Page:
Teresa Rice at Catholibertarian wrote an interesting post about desecration of religious items. I won’t steal her pig, so to speak, but I will show an image that she found on the Internet: Continue reading
In this instance, it isn’t my own verse involved. My humble online digs were just nominated for a “Food for Thought Award” by Citizen Tom. I recognize that this is a small thing, this award, but I am nonetheless flattered and accept in the spirit that it was given. And I am more than a little surprised, as I am apparently the only non-religious recipient of the award.
As Citizen Tom puts it, “I suppose many people will find this nomination inexplicable, but here is the basis for it...” He’s just added an additional comment expanding on his rationale a bit.
In any event, thanks! Here’s a long and rambling beginning… Continue reading
Today, October 19th, is the anniversary of Black Monday, the day a quarter-century ago when the stock market fell 22% in a single day. For my Lady and I, quite active in the markets, it was an exciting time — we had been short from the previous Wednesday and did well indeed that day. But there were grave concerns:
- No trading system had ever seen conditions like this, therefore there was no way to predict further success. We bailed out.
- At the rate things were going, we were facing a potential collapse of civilization. Estimates were that the banks would experience mobs by Wednesday, all credit cards would be disavowed by Friday, and by a week later even currency would no longer be accepted. Anyone in a uniform, from military to police, would be a target of mobs.
- Tuesday, October 20, saw the FDIC announcing that it would not protect the banks or anyone’s private deposits. The markets were ordered closed.
- But one person, the head of the Chicago Mercantile exchange, apparently defied this order and re-opened, believing that the panic would get worse without some outlet. His gamble worked — the CME dropped much further, but then hit a bottom and slowly, carefully, began to come back. By Wednesday, the crisis was believed to be over — and in only a few months, the loss was recovered.
- But not completely — a number of financial companies, some quite large, were destroyed on October 19th.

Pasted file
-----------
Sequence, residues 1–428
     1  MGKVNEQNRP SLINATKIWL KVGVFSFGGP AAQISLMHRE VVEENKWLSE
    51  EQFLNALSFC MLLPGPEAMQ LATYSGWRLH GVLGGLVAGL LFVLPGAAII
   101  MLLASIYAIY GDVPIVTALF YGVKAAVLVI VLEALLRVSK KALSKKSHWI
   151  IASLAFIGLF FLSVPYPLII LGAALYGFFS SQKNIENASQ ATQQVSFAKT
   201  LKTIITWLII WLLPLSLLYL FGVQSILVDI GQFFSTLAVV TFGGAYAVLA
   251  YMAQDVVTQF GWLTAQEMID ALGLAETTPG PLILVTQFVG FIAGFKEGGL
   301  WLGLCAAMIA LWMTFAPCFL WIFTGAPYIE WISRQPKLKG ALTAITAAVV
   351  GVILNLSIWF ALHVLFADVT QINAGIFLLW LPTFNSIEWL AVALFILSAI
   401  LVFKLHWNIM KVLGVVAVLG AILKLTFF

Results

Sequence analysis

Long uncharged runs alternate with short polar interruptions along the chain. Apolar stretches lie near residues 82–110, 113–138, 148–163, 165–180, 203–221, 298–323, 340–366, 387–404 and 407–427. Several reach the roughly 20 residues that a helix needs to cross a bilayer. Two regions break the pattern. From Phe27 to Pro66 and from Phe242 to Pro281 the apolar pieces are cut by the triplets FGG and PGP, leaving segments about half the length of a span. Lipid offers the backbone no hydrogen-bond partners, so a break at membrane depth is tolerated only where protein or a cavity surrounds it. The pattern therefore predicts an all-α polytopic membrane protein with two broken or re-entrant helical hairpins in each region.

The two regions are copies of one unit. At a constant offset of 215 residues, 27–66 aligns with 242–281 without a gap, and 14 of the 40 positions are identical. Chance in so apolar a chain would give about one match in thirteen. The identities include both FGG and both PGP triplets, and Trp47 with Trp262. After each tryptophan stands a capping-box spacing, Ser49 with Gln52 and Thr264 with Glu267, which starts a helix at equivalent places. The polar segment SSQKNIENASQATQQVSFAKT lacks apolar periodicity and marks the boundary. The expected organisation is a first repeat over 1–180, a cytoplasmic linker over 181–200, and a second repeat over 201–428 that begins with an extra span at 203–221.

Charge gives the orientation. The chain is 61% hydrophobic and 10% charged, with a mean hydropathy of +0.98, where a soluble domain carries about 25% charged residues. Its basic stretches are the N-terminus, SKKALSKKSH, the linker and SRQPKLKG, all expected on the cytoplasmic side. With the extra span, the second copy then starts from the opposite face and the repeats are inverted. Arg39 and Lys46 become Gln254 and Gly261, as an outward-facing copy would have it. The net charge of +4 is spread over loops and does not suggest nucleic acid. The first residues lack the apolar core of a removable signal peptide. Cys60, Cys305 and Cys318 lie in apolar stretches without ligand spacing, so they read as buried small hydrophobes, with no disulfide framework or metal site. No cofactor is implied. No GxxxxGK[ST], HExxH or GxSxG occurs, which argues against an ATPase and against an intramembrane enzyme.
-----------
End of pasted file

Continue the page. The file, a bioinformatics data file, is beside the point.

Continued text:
The Wall Street Journal today has an interesting look back at that time, focusing on the advertisements running in the WSJ on Black Monday. How many of you remember when “The Gospel of John” referred to the CEO of Apple, selling a book by that name and soon to be labeled “one of the world’s worst CEOs”? Or remember when the Cookie Monster was a salesman for IBM?
===|==============/ Keith DeHavelle
Despite its prevalence in the news and in the Obama campaign that Bush inherited a great economy in 2001 and ruined it, the events of the time were very different. When I first saw this fallacy repeated, I thought “The economists will set the reporter straight.” No — everyone the media was willing to talk about jumped on this bandwagon, and it is part of the narrative that Obama relied upon in 2008, and must keep you convinced of today.
A bit of background: I mentioned earlier the entry of everyday people into the stock market. In the early 1990s, relatively few people actively traded in the markets. Many folks who had some money used mutual funds, the more adventurous ones used brokers, but not many actually did stock or commodities trading directly. (By this point, it had been an interest of mine for two decades.) To get live feeds from the markets, essential for someone actively trading during the day, you used satellite feeds or (years later) FM-signal sidebands which were essentially receive-only radio modems. You bought historical data on disk, and it cost thousands of dollars. For example, in the mid 1980s, we bought price-by-price data for several years of S&P and Japanese Yen for $20,000.
The Internet changed all this. You could get historical data over the Internet — some even for free. And you could get live data over the Internet as well. No satellite dish, no limitation of being close to certain FM stations, and a greatly reduced entry cost. Continue reading
I’ve written about this before, prior to the last election, as the same false narrative was being played out as now: that Bush inherited a giant surplus, wasted it, and then the market collapsed as a result. We should remember what happened to us.
We are told a new memory to replace the old — and it’s repeated enough to become what we think actually happened. We’re told that all eight years were wonderful under Clinton, and bad under Bush. Continue reading